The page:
• I’ve seen dogs do this, too! Just like “This mah hang out place, y’all.” Walkin’ in and out of their own free will.

            ALSO, ADDITIONAL CRATE USAGE: I have a friend who has a house rabbit and her cage is a crate that they just leave open all the time with bedding and food and water and her poopspot inside. She just walks in and out at her leisure. Crates: not just for dogs anymore.

        • Yes! I would just like to reiterate that there are PROPER ways to use a crate in your training. You aren’t just locking up your dog, but giving them a place to feel safe and be safe, ONCE YOU’VE TRAINED THEM. There are lots of resources to show you how to crate train.

          Also, during warm weather you should have an oscillating fan near the crate to keep the dog cool if necessary. I also like to put a water dish with a reasonable amount of water in it- enough to get a drink but not too much that they will have to use the bathroom before you get home.

      • I’d never heard of it before either, I don’t think it’s done at all in Australia, but I’d hesitate to call something abhorrent without a full understanding of how and why it is used.

        I can understand how a pup who was trained from a young age using a crate would actually find comfort in having it around, even if they’re not shut in it anymore. It becomes like a security blanket.

        It is different, yes, but not necessarily cruel. Besides, over here a lot of people use choke chains and various shock or spray collars to teach their dogs certain things, so it’s not like we’re devoid of iffy training practices!

        • I guess the abhorrence stems from the fact that the closest thing I could relate it to is the vast numbers of dogs locked up in miniscule spaces in puppy farms etc. To my mind locking dogs up in confined spaces has always been synonymous with abuse. Obviously this is not the case – but the fact that its so foreign here made it impossible to understand, hence why I was asking for more info. Most of the issues we seem to have with dogs in Aus stems from the fact that we allow them to dominate us, so they feel that they are responsible for us. That’s the underlying issue we’re having with our dogs at the moment. I can totally see how crating could provide the dog with its own calming space, while assisting the human in maintaining dominance over the dog and allowing the dog to feel assured. This is all part of why I love the offbeat empire – I learn something new with nearly every post. 🙂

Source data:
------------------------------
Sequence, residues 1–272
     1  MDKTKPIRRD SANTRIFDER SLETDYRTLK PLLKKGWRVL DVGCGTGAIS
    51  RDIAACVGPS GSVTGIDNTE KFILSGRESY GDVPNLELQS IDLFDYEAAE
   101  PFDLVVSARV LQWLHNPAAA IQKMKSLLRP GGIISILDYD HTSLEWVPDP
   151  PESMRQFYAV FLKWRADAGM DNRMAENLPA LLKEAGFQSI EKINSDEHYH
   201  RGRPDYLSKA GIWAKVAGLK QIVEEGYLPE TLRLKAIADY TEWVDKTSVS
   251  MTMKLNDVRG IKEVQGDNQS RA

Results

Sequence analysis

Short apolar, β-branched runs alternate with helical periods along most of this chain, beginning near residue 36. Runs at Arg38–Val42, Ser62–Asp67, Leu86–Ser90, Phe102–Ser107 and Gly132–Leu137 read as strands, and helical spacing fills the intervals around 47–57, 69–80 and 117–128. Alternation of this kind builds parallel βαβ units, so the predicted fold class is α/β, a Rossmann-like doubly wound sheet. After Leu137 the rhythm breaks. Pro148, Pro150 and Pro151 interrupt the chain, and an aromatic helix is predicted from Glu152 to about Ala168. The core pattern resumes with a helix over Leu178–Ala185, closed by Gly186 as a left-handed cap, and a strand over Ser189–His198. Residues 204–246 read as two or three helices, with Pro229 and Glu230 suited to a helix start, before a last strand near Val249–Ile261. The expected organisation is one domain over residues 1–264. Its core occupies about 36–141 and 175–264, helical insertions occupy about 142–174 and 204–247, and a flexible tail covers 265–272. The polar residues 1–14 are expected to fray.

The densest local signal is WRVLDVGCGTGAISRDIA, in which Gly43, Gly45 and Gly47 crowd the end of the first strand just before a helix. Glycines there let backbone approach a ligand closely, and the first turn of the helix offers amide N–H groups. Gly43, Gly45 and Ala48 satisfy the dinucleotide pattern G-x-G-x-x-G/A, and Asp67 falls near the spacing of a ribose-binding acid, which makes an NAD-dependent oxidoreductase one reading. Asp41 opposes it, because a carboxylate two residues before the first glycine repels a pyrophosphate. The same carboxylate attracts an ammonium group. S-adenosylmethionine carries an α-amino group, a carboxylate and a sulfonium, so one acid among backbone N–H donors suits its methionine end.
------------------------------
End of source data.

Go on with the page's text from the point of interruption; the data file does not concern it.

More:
• That makes a lot of sense 🙂 I can definitely understand thinking that way, it’s totally strange to me too, but from what I’ve read, a lot of people who use dog cages when their pups are little don’t actually lock them in later on in life.

            Plus, I use a time out technique on my cat when she gets into an out of control rampage – I shut her into the bathroom to calm down. So I guess I use a similar technique, but without an actual cage.

      • We crate our two. The beagle-mix because he had really bad separation anxiety when I adopted him. The foster group had crate trained him, and the second I broke down and got a crate, he was perfectly happy. It’s nice, cause we know he wants to be left alone when he goes to take a nap in the crate.